AIDS Treatment and Human Rights in Context by Peris S. Jones (auth.)

By Peris S. Jones (auth.)

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In a sense related to these riots, while significant financial commitment has been made by the state to AIDS, as with other services, capacity issues continue to hinder delivery. In the face of significant skepticism and opposition to ARVs from government, and in the absence of a viable political opposition party, a significant force for change has come from civil society. The latter, in conjunction with the use of constitutional human rights and the courts, has been a very effective political source in contesting state AIDS policy responses.

The outcome, as suggested, has been, for a long time, uncannily similar to Western donors: until relatively recently, the South African government and Western donors alike had arrested the chances of poor people’s access to lifesaving treatment. These racial fault lines associated with HIV/AIDS and the issue of treatment show up again and again. These damaging statements and views continue to be embedded in public discourse and attitudes. The slow pace of rollout also appears correlated to the often-contradictory comments from the minister of health as well as the withdrawal of Mbeki from speaking publicly on the issue at all.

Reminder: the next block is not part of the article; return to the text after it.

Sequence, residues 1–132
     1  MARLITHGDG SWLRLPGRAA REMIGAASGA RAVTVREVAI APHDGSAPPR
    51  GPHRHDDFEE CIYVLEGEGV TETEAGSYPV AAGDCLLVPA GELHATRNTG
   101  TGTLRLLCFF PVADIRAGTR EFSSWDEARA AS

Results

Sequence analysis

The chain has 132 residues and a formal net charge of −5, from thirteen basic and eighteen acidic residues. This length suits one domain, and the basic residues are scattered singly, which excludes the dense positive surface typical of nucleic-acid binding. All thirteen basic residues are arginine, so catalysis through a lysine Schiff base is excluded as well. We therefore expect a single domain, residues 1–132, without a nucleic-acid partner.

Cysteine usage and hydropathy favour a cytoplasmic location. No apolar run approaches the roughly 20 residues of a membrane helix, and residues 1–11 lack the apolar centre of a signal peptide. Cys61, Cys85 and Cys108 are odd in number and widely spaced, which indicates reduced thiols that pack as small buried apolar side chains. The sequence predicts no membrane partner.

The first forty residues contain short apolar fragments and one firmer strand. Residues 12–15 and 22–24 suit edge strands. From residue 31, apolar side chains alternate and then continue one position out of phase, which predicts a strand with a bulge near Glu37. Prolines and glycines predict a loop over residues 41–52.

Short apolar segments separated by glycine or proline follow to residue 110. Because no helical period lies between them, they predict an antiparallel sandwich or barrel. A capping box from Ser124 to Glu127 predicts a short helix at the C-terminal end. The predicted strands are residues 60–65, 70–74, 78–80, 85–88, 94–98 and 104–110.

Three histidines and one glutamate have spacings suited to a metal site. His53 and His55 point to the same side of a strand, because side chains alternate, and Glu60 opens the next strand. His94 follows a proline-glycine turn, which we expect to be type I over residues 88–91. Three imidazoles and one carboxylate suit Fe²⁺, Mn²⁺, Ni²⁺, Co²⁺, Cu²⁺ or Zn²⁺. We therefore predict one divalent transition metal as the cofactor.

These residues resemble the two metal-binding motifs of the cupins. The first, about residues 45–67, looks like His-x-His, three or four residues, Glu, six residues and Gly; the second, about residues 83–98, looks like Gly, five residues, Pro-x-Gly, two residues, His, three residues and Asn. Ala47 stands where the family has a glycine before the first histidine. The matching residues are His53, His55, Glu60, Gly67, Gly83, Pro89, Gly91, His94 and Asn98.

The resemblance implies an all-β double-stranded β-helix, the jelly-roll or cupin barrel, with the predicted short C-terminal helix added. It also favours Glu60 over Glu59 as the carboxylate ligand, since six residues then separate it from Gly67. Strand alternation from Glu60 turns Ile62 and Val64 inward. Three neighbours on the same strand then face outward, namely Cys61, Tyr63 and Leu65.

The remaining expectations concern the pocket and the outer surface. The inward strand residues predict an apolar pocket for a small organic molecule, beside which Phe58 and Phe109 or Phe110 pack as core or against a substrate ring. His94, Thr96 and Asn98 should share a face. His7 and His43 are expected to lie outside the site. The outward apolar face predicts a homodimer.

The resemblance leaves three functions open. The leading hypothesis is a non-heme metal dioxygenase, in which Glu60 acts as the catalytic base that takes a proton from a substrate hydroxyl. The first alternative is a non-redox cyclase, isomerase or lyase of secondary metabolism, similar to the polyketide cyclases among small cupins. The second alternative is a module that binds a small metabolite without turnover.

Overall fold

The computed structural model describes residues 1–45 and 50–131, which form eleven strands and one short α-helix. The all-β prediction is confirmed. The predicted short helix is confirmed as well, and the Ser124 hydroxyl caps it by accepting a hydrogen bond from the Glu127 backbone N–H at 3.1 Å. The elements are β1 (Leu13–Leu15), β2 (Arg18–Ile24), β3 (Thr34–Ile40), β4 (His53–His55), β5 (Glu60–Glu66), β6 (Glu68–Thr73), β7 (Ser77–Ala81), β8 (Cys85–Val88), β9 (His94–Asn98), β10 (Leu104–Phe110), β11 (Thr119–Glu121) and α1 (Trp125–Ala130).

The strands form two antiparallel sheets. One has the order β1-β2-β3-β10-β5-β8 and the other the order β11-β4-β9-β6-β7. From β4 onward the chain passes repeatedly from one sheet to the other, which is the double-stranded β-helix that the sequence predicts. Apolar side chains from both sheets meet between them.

But Chapter 1 also locates AIDS treatment and the mounting disquiet over the position government preferred to take on it within the deep well of frustration surrounding service delivery more generally in South Africa. Countrywide protests over service delivery are indicative of deep-seated concerns over the direction of the country’s development path and especially the erosion of citizen leverage over services, including access to ARVs. Chapter 2 seeks to unpack the meaning of “access” to ARVs and human rights.

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